More U.S. students head to Canada

Quality, cost make universities north of border attractive

May 04, 2000|By Michael Hill | Michael Hill,SUN STAFF

When Paul Beel sets up his table at tonight's college fair at Villa Julie College, he could put up a sign that says "High Quality, Low Prices."

That's the combination attracting more and more students from the United States to Canada for college. Beel represents the most popular destination -- McGill University in Montreal, where he is international admissions and recruitment director.

"We've seen a dramatic increase over the last three years," says Beel, who is swinging through the mid-Atlantic states this week.

Three years ago, he says, McGill registered 300 students from the United States. Last fall, that number had climbed to 511, with 22 from Maryland.

Canadian colleges offer a two-pronged financial advantage -- low government-subsidized tuition made more affordable by an exchange rate that pegs the Canadian dollar at about two-thirds the value of U.S. currency.

That means tuition for an international student at McGill -- which has about 16,000 undergraduates -- is $6,000 to $7,000, depending on the program, about a third what it would be at a comparable private school in the United States.

To capitalize on this advantage, Canadian schools have been increasing their efforts to attract students from south of the border, sending people such as Beel farther afield.

The Canadian embassy has set up a Web site -- www.canadianembassy.org/ studyincanada -- dedicated to its colleges and universities.

The effort also helps reverse a brain drain in which the number of Canadian students studying at schools in the United States has risen steadily in recent years, from about 10,000 two decades ago to almost 23,000 during the 1998-1999 academic year.

McGill has joined three schools -- the University of Toronto; Queens University in Kingston, Ontario; and the University of British Columbia in Vancouver -- to market themselves as "The Canadian Ivies."

"Queens is as tough to get into as an Ivy League school," says Shirley Levin, a private educational consultant in Rockville. "The University of Toronto is pretty hard as well. I would rate McGill as highly selective, not as tough as Queens.

"They are looking for high achievers," she says. "They want to know what your grades were and how tough the courses were."

Eva Turner, director of college counseling at Gilman School, has seen interest there increase in the past few years.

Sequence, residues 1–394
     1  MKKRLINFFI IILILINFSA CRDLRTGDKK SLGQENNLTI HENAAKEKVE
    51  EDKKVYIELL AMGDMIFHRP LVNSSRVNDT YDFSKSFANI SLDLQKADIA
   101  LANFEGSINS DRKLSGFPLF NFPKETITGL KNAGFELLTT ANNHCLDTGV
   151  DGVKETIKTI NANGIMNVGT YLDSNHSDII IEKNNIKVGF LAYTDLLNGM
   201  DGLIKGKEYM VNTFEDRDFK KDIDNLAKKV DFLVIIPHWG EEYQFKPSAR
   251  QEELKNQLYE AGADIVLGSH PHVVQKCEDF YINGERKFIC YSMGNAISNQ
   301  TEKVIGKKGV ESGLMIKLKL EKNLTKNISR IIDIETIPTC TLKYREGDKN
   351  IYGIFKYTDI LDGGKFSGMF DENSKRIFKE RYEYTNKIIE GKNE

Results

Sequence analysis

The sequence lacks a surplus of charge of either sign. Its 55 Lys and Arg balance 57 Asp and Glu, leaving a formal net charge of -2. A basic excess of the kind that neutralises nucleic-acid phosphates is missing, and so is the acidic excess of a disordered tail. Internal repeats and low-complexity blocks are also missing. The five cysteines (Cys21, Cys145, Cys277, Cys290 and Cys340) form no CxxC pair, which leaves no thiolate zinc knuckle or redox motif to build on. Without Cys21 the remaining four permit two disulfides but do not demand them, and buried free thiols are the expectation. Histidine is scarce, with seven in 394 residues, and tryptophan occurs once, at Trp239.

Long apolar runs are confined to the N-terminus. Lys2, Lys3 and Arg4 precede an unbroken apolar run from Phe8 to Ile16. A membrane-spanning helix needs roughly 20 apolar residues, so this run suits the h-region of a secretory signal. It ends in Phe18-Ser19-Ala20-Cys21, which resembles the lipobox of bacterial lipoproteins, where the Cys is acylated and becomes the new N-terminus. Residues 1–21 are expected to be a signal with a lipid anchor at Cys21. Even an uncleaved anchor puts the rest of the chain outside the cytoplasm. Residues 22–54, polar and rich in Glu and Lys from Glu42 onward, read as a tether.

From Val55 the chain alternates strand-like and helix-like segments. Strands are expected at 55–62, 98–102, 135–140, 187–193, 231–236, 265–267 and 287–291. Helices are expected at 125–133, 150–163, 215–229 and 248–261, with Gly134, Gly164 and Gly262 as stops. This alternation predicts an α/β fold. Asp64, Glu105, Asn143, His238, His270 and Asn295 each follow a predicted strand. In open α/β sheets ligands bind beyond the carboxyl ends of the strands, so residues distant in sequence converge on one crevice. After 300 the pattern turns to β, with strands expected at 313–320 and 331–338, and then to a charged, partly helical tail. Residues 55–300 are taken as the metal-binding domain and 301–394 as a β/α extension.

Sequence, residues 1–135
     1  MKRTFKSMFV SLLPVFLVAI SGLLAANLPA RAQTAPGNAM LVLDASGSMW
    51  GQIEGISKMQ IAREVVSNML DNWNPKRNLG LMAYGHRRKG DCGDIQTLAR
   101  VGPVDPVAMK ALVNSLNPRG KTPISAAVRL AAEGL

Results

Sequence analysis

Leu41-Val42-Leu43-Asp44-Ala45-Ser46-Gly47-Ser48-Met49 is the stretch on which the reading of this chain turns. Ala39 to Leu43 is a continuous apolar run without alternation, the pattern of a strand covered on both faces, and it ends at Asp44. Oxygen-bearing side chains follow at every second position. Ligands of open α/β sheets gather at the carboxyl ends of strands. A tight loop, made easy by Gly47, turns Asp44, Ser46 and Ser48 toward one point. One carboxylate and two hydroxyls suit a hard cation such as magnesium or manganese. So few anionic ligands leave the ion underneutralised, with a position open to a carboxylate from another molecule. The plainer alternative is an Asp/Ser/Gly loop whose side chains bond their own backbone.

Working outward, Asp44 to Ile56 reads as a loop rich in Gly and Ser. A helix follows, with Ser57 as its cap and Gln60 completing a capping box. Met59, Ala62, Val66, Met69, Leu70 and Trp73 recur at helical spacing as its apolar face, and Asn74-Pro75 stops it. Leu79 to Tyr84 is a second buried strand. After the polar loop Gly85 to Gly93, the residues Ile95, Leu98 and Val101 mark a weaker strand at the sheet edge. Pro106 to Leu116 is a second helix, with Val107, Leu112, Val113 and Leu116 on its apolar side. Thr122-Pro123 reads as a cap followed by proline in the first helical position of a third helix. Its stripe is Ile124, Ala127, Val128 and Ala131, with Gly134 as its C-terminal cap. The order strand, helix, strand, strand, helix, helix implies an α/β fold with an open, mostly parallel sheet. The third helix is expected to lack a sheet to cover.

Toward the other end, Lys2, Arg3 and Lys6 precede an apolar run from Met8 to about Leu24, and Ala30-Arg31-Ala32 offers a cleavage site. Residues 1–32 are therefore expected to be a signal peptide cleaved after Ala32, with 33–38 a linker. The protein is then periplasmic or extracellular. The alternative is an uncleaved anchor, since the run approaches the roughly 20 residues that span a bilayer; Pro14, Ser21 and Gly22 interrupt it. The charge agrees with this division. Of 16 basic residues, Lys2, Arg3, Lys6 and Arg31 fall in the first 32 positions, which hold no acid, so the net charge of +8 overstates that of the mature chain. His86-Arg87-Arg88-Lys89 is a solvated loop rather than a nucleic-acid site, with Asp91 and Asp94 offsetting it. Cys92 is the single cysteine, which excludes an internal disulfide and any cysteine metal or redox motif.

"McGill has been very steady for the past five years, but the University of Toronto is coming into the mix more and more," she says. Gilman will send a student to each school in the fall.

"You've seen an increase in interest in the entire private school constituency because these schools offer a really affordable option," she says. "And Baltimore kids like to go to urban universities. McGill and Toronto are beautifully located within great cities."

That was one of the aspects that attracted Amy H. Morrison when she decided to attend McGill after graduating from Park School four years ago.

"I went to McGill because it offered an excellent education in a fabulous urban city and the tuition is very affordable " says Morrison, 22.

She was considering some top-flight high-priced U.S. schools -- George Washington University in Washington; Columbia University in New York; Northwestern University in Illinois -- when she learned about McGill from a classmate from Montreal.

"I spent my third year at Columbia and I found the academic level just as high at McGill," says Morrison, who recently earned a bachelor of arts degree in anthropology from McGill.

In addition to getting American dollars into their economy, the international aspect of the American students is what the Canadian schools get in return for their recruiting.

"The percentage of international students in any given university has become a feature in a way it never was before," says Beel. "It's a statistic you throw around to impress people."

Beel says Canadian schools have another major selling point -- their cities have very low crime rates compared with their American counterparts, something comforting to parents about to send a child away from home.

And, though McGill is in Francophone Quebec, it is an English-speaking institution. The French spoken in the city can be an added learning experience. "We like to say that you can still go to school in North America but have a European experience," Beel says.

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